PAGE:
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Health care for women by women

Interview with Urszula Herman CEO and Founder at PelviFly.

Urszula is a Phd student at the Collegium Medicum of the Jagiellonian University, who has been fascinated by pelvic floor muscles for 7 years. She has devoted all her scientific works to this issue.

First she founded Force Feminite Foundation and helped female patients and later came the idea of using new technologies and cooperating with the engineers from Stanford University in Death Valley, USA.

After two years of common efforts, clinical research and cooperating with women, it was possible to work out some complex, effective and efficient solutions to problems with pelvic floor muscles.

How did the idea for Pelvifly come about and what is your vision?

I created PelviFly to improve the lives of over one billion individuals. I’ve been fascinated by women’s health in particular pelvic floor disorders for the past 10 years and devoted my full attention and research to addressing these issues. One third of all women suffer from urinary incontinence. According to my published medical research the time between first symptoms and the start of therapy is on average 9 years. This shows a huge lack of knowledge and preventive care.

Pelvic floor is a hammock of muscles. These muscles are similar to other muscles like triceps or biceps. They serve various functions such as: supporting organs whilst moving, play a significant role during pregnancy and childbirth, protect from urinary incontinence and support a healthy sexual life. The problem is that pregnancy and natural childbirth case damages to pelvic floor and above 25% – 50% of women suffer from urinary incontinence.

Research shows that women don’t have time to go for rehabilitation to the hospital, don’t have enough motivation and don’t know how to train these muscles (these are really deep muscles).

PelviFly was not a business idea. I combined my scientific passion with a huge social problem and wanted to create a solution. 10 years ago, I went to the library of the Jagiellonian University for the first time and came across an article about the problem of urinary incontinence. It seemed for me at the beginning very boring and related only to older women. Surprisingly after further study it turned out that this problem often affects also young women so I started my doctoral studies and wanted to find a solution. The objective was to bring in to the light the parameters of muscles that are not visible and to motivate women to exercise.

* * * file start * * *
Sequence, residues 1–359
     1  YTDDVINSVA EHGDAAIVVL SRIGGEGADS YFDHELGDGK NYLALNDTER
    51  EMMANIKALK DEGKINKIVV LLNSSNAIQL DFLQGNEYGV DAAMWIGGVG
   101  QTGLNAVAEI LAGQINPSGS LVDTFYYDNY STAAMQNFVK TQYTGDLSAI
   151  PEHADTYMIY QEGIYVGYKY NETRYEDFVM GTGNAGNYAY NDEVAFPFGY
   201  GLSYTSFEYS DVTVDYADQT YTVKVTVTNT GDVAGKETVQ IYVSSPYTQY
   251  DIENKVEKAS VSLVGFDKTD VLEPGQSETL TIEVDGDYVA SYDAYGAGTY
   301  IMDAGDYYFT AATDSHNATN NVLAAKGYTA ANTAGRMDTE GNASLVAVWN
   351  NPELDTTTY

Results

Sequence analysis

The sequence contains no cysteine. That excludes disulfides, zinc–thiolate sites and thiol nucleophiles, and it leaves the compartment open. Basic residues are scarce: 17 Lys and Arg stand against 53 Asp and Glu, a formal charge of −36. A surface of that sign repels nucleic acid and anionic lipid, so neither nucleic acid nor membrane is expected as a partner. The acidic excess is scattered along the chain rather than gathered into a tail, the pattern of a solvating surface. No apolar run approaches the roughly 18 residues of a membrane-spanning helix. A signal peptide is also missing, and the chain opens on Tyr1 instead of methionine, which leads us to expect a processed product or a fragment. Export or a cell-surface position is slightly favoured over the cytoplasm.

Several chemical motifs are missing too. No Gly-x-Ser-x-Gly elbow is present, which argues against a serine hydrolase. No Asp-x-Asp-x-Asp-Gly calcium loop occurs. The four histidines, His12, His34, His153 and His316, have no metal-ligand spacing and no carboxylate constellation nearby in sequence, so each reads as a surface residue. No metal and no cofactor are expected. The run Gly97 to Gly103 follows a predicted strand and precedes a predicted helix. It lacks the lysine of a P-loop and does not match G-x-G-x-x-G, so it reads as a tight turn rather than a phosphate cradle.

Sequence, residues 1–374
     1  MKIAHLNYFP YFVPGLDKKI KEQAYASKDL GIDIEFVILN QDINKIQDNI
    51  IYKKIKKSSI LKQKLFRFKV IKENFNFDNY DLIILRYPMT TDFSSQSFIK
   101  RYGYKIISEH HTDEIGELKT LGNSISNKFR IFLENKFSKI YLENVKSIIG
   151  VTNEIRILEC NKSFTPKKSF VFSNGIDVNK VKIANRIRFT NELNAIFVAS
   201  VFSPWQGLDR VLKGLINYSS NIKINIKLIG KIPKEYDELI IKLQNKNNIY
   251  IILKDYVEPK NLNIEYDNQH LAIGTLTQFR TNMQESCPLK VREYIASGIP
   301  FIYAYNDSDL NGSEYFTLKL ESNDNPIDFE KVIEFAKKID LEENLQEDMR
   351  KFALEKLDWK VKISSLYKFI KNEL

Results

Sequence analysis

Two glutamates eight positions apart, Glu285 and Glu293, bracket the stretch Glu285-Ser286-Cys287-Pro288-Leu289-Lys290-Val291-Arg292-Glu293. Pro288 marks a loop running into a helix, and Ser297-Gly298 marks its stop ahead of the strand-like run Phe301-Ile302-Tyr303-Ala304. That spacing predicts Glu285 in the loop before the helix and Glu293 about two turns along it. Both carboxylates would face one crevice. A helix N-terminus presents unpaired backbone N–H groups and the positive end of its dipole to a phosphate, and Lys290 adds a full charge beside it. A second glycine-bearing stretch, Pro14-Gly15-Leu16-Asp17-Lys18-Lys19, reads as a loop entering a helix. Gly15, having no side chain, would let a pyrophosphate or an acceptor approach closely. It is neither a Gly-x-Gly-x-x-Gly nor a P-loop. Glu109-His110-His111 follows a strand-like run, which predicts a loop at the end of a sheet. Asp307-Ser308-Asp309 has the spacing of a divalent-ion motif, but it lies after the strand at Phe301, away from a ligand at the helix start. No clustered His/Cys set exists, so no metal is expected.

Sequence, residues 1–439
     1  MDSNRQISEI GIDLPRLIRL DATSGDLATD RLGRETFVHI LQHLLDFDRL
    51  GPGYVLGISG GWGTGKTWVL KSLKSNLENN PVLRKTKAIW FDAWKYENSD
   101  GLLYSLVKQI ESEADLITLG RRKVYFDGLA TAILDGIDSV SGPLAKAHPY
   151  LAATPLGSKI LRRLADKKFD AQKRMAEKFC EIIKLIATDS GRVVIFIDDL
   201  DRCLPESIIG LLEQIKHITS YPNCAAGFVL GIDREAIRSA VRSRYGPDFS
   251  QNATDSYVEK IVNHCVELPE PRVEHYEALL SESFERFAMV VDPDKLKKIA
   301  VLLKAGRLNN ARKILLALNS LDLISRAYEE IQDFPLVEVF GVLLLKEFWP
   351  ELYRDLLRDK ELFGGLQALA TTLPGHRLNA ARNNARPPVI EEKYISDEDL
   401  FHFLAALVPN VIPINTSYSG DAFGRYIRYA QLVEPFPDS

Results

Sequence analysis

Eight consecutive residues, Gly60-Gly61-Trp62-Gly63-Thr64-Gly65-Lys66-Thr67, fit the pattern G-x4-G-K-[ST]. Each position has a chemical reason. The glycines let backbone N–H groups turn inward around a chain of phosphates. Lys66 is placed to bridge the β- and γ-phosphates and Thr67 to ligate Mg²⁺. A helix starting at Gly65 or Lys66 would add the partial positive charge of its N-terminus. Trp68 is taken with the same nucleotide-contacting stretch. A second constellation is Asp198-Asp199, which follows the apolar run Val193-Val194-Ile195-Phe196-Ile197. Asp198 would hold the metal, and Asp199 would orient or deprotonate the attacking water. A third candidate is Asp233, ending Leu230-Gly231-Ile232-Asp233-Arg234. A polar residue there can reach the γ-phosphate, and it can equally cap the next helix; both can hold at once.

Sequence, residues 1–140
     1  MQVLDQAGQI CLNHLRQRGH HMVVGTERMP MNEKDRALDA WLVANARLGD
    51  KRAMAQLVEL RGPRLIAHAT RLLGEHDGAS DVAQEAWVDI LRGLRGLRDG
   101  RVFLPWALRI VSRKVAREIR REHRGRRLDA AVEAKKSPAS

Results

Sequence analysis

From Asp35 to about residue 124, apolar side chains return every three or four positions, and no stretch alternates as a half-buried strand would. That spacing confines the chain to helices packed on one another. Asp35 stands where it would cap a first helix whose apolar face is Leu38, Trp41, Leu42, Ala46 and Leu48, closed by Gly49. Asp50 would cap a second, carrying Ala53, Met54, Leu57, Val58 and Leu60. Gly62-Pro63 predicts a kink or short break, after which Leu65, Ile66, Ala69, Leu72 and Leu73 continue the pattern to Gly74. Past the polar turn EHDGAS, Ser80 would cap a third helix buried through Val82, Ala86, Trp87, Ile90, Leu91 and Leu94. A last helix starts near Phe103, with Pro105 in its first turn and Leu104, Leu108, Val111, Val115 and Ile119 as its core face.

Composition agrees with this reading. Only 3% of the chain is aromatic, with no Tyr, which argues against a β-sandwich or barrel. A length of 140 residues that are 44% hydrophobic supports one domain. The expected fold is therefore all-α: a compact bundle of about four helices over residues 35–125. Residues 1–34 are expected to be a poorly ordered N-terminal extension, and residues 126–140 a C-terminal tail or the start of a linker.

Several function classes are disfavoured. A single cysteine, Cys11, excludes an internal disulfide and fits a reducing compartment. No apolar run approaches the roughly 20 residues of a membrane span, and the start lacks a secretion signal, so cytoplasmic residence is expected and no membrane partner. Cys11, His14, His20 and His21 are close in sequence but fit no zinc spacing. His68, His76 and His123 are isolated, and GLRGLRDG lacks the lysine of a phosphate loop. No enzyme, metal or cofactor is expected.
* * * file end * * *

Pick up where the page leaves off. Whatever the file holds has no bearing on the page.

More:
After few years I came up with the idea to combine training with telemedicine. Created a sensor (intravaginal probe) that allows to monitor pelvic floor muscle parameters, an application that shows their activity on a mobile screen, training platform that presents data to specialists and the full range of engaging games as training plans.

 

Most exciting part about owning my own business is…

To have a power and resources to change the world on a way I want. Feeling that time, I spend in the office is related to my passion and mission. My products improve and empower women’s health and life. In my opinion investment in a woman’s health is an investment in the health of the whole family.

What are 3 key lessons that you have learned as an entrepreneur?

I take now decisions very quickly, recover fast from mistakes and failures and have the ability to delegate tasks. One of the most important lesson is that only with other people we can achieve difficult goals and the most valuable assets for a company are people.

What other companies and business models do you admire?

I admire companies run by families and founders of such ventures that were able to cooperate and connect business with private relationships. It allowed them to share joint passions, time, dreams, successes and failures.

Please describe some successes and failures you have experienced as an entrepreneur

Success: In a short period of time I was able to set up a business, develop a product and attract first clients in a difficult area of telemedicine which is a very new and expensive offer for final users. My project is supported by female business angels (Black Swan Fund) – women that invested private money into the start-up and support it with their professional experience and a wide array of talents. As a company based in Poland we became a leader on the market in a telecare service for pelvic floor muscles rehabilitation. This year we started to sell outside in Austria and Italy. There are also foreigners coming to us to learn innovative solutions. Failures: I lost some very valuable co-workers as I was not able to defend against the competitors. Due to over optimism, sometimes my forecasts very not realistic, which caused some liquidity issues and argues with investors.

 What advise do you have for entrepreneurs who’d like to follow in your footsteps? 

Don’t be afraid to talk about your plans or ideas because that’s how you find allies and improve your own business.

Find out more about Pelvifly- WEBSITE

 

 

 

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